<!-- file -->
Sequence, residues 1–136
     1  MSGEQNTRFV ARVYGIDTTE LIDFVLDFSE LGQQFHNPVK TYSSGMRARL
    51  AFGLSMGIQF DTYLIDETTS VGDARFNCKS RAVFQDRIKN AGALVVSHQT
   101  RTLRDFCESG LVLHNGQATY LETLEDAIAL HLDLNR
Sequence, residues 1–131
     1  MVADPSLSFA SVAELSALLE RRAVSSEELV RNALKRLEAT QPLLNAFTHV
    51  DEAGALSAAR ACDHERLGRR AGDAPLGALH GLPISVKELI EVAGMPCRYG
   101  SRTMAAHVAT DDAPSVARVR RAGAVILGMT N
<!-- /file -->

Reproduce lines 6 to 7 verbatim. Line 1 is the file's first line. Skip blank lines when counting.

     1  MVADPSLSFA SVAELSALLE RRAVSSEELV RNALKRLEAT QPLLNAFTHV
    51  DEAGALSAAR ACDHERLGRR AGDAPLGALH GLPISVKELI EVAGMPCRYG